It is in this way that the National German Party has little by little split into two camps. The "racist" (völkische) extreme right has separated from the party. Racism claims to reinforce nationalism, to struggle on the inside against all that is not German and on the outside for all those who bear the name German. [...] (Taguieff, 2001, pp. 88-89)
The term “racist” thus began as an awkward translation of the German völkische to describe ultranationalist parties. Initially, the noun "racism" did not exist, just as there was no corresponding noun in German. It first appeared in 1925, and in 1927 the French historian Marie de Roux used it to contrast his country’s nationalism, based on universal human rights, with radical German nationalism, which recognized no existence for human rights beyond that of the Völk that created them. "Racism [...] is the most acute form of this subjective nationalism," he wrote. The racist rejects universal principles. He does not seek to give the best of his culture to "the treasure of world culture." Instead, the racist says: "The particular way of thinking in my country, the way of feeling that belongs to it, is the absolute truth, the universal truth, and I will not rest or pause before I have ordered the world by law, that of my birth place" (Taguieff, 2001, p. 91-94).
This was the original meaning of "racism," and it may seem far removed from the current meaning. Or maybe not. No matter how we use the word, the Nazi connotation is always there, sometimes lingering in the background, sometimes in plain view.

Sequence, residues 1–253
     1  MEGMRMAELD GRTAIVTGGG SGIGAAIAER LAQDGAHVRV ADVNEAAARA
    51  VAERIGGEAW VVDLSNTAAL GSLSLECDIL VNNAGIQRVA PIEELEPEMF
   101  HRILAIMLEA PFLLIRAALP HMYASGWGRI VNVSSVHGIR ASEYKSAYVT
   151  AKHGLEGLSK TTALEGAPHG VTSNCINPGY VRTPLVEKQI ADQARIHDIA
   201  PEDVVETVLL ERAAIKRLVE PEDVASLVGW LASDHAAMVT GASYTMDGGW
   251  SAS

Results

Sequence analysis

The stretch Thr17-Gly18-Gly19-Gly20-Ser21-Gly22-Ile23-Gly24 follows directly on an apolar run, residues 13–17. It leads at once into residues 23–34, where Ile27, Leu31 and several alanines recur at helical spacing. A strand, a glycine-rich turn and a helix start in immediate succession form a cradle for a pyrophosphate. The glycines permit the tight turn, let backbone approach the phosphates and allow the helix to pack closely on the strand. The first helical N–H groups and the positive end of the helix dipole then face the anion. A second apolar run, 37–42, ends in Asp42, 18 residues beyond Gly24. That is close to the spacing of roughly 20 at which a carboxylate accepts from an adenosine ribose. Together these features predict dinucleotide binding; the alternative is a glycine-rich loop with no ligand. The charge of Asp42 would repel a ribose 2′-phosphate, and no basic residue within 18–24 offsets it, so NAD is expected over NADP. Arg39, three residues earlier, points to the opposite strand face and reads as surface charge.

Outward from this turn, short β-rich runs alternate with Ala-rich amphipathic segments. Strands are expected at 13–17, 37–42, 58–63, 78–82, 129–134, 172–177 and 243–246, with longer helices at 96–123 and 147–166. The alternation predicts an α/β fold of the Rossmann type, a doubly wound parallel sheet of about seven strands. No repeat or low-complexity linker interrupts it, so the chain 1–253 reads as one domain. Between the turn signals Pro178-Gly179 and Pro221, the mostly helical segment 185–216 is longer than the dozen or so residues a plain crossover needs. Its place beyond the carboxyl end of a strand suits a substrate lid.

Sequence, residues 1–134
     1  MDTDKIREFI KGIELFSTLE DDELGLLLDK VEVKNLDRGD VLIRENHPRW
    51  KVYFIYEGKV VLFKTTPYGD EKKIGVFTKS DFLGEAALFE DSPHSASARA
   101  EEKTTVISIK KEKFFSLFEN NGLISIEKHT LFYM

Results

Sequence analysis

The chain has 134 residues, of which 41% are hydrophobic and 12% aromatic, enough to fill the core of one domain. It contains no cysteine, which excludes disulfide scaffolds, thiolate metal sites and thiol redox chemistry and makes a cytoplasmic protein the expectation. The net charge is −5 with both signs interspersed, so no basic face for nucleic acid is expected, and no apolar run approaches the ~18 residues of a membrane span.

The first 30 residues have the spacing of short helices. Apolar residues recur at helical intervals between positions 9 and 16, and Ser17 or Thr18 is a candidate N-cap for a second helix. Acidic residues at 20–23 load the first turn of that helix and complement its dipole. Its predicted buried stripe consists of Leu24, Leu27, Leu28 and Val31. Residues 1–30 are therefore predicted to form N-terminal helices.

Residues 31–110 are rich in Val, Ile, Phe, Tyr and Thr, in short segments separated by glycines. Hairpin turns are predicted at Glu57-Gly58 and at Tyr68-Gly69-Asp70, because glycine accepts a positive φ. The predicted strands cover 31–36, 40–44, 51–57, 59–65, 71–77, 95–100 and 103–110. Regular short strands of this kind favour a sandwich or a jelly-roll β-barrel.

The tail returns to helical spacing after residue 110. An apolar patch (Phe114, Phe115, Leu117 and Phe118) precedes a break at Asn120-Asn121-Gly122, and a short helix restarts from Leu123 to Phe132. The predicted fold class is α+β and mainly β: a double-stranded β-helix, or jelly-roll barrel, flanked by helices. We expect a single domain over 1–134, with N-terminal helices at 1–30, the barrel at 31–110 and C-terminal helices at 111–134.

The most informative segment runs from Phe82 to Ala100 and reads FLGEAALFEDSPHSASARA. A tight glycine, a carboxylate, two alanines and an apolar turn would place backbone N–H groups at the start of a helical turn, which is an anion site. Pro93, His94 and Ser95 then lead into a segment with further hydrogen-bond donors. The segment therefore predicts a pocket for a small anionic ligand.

The noun "racism" was derived in French from an awkward translation of the German adjective völkische. Unlike the original source word, however, it has always had negative and even criminal connotations. It encapsulated everything that was going wrong with German nationalism in a single word and, as such, aggravated a worsening political climate that ultimately led to the Second World War.
When that war ended, the word "racism" wasn't decommissioned. It found a new use in a postwar context of decolonization, civil rights, and Cold War rivalry. Gradually, it took on a life of its own, convincing many people—even today—that the struggle against the Nazis never ended. They're still out there!
It would be funny if the consequences weren't so tragic. Our obsession with long-dead Nazis is blinding us to current realities. In Europe, there have been many cases of Jews being assaulted and murdered because they are Jews. These crimes are greeted with indignation about how Europe is returning to its bad ways, and yet in almost every case the assailant turns out to be of immigrant origin, usually North African or sub-Saharan African. At that point, nothing more is said. One can almost hear the mental confusion.
Frost, P. (2013). More thoughts. The evolution of a word, Evo and Proud, May 18http://evoandproud.blogspot.ca/2013/05/more-thoughts-evolution-of-word.html
Taguieff, P-A. (2001). The Force of Prejudice: On Racism and its Doubles, University of Minnesota Press.https://books.google.ca/books?id=AcOG6Y9XG40C&printsec=frontcover&hl=fr&source=gbs_ge_summary_r&cad=0#v=onepage&q&f=false